Each molecule of hemoglobin combines with four molecules of O2. If 1.00g hemoglobin combines with 1.60mL O2 at 37oC and 99.0 kPa, what is the molar mass of hemoglobin?

1 Answer
Nov 13, 2015


#"65,000 g/mol"#


The idea here is that you need to use the ideal gas law equation to determine how many moles of oxygen gas you have in that sample.

This will allow you to determine how many moles of hemoglobin you have in that #"1.00-g"# sample.

So, the ideal gas law equation looks like this

#color(blue)(PV = nRT)" "#, where

#P# - the pressure of the gas
#V# - the volume it occupies
#n# - the number of moles of gas
#R# - the universal gas constant, usually given as #0.0821("atm" * "L")/("mol" * "K")#
#T# - the temperature of the gas, expressed in Kelvin

In order to be able to use this equation, you need to have the pressure, volume, and temperature of the sample expressed in the units used for the universal gas constant, #R#.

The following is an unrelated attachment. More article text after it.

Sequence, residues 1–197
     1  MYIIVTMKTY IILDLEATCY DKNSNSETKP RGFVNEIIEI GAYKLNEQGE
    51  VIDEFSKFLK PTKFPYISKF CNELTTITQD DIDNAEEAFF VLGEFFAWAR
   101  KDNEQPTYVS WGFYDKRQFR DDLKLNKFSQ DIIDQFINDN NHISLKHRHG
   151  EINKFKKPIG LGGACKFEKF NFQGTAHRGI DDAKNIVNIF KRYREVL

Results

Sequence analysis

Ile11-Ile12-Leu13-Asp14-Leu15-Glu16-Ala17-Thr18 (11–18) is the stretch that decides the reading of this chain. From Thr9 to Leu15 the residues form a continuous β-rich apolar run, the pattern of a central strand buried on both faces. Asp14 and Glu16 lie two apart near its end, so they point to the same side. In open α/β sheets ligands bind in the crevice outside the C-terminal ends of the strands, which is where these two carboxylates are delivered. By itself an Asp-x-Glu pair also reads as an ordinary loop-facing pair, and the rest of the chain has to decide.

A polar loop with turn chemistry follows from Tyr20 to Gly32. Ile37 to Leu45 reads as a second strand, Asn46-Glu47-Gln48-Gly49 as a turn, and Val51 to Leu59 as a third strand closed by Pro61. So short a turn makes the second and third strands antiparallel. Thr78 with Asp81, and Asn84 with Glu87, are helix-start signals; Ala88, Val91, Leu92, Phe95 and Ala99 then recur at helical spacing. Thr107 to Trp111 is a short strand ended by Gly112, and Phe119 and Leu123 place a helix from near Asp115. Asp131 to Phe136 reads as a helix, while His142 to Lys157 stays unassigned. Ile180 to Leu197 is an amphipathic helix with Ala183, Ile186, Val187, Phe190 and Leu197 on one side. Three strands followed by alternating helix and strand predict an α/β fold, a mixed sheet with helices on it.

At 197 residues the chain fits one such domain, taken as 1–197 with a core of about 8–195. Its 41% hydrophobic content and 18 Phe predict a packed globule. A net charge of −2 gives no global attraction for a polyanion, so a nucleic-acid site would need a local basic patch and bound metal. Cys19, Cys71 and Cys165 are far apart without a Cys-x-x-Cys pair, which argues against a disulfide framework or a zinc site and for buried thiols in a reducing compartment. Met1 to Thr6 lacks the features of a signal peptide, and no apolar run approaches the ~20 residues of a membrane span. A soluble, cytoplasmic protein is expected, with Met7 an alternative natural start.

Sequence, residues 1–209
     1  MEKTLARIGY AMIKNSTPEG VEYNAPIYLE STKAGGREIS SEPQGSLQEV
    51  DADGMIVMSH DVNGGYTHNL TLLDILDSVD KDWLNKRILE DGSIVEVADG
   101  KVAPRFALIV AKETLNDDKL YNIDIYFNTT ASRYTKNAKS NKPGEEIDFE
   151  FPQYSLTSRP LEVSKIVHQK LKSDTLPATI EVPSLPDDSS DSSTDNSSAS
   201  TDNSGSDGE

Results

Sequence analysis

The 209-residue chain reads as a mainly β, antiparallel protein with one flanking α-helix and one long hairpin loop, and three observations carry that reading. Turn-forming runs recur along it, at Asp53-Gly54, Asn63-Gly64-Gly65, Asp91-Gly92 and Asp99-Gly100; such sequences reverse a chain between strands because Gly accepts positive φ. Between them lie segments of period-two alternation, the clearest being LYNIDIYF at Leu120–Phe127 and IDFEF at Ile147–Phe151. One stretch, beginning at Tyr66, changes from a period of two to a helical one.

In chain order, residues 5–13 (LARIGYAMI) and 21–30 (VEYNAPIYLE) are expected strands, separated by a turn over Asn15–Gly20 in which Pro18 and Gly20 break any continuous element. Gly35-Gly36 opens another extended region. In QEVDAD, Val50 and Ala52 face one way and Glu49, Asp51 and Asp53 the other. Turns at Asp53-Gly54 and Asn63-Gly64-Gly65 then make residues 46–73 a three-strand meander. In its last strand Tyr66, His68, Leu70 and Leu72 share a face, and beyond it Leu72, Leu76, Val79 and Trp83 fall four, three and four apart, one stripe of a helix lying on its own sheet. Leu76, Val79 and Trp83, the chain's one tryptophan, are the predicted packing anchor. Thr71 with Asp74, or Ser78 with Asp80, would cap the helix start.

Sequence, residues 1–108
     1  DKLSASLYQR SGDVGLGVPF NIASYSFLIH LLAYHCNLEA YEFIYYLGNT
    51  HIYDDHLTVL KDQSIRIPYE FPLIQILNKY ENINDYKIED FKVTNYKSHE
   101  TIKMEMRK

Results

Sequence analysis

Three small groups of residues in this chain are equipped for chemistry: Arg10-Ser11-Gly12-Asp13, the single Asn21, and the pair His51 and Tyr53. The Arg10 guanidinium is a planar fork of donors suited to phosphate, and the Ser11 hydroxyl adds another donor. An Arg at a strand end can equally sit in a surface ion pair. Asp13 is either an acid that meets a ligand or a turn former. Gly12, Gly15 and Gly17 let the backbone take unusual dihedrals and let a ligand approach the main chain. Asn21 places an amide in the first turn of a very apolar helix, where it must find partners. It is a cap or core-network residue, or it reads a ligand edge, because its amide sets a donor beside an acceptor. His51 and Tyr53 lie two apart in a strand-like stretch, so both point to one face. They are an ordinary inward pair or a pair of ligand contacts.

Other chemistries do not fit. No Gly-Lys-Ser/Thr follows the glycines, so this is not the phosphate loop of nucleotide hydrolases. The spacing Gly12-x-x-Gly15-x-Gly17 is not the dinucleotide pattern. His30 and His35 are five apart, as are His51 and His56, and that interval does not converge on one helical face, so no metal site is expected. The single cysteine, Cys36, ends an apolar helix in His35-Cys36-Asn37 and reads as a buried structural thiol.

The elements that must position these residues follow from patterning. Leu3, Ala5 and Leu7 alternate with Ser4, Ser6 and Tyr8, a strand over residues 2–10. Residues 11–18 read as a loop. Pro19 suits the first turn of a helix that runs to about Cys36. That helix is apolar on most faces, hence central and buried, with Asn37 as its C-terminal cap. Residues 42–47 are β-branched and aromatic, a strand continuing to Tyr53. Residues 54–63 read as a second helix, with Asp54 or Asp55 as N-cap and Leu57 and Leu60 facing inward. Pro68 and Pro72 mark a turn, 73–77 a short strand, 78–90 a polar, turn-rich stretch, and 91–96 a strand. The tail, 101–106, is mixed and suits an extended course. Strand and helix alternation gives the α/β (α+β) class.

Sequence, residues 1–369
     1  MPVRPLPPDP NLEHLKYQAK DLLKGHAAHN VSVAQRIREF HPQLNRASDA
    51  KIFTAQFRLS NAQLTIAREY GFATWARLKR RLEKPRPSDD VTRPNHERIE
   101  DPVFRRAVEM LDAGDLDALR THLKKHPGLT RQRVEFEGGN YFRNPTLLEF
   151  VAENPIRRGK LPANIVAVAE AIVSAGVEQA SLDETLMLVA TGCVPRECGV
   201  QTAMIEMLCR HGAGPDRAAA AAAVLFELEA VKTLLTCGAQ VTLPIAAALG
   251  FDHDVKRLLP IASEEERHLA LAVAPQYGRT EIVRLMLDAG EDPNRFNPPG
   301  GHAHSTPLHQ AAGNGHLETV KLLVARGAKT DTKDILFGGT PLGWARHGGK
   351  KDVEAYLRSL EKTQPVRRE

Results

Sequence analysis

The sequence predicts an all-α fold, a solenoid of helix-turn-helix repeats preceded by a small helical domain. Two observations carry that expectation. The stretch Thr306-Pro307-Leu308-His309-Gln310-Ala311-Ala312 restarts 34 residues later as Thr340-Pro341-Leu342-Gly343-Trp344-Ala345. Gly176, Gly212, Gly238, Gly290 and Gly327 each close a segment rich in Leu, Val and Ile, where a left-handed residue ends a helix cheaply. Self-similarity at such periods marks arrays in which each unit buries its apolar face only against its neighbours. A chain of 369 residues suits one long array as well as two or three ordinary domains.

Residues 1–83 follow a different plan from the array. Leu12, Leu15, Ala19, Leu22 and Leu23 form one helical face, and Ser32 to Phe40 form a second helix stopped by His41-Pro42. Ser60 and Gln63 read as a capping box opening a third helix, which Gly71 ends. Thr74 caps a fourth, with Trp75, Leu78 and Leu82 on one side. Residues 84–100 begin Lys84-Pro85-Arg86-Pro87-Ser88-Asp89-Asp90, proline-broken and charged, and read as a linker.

This means that you will have to convert the volume from mililiters to liters, the temperature from degrees Celsius to Kelvin, and the pressure from kilopascals to Pascals.

Rearrange the ideal gas law equation and solve for #n#, the number of moles of oxygen

#PV = nRT implies n = (PV)/(RT)#

#n = (99.0/101.325color(red)(cancel(color(black)("atm"))) * 1.60 * 10^(-3)color(red)(cancel(color(black)("L"))))/(0.0821(color(red)(cancel(color(black)("atm"))) * color(red)(cancel(color(black)("L"))))/("mol" * color(red)(cancel(color(black)("K")))) * (273.15 + 37)color(red)(cancel(color(black)("K")))) = 6.14 * 10^(-5)"moles"#

You know that you need one hemoglobin molecule to bind with four oxygen molecules. This is equivalent to saying that one mole of hemoglobin will bind with four moles of oxygen gas.

This means that the amount of oxygen gas you have will need

#6.14 * 10^(-5)color(red)(cancel(color(black)("moles O"_2))) * "1 mole hemoglobin"/(4color(red)(cancel(color(black)("moles O"_2)))) = 1.535 * 10^(-5)"moles of hemoglobin"#

Now, the molar mass of any substance tells you what the mass of one mole of that substance is. In your case, you know that #"1.00 g"# is the mass of #1.535 * 10^(-6)# moles, which means that one mole will have mass of

#"1.00 g"/(1.535 * 10^(-5)"moles") = 6.5 * 10^4"g/mol" ~~ color(green)("65,000 g/mol")#

The answer is rounded to two sig figs, the number of sig figs you have for the temperature of the oxygen gas.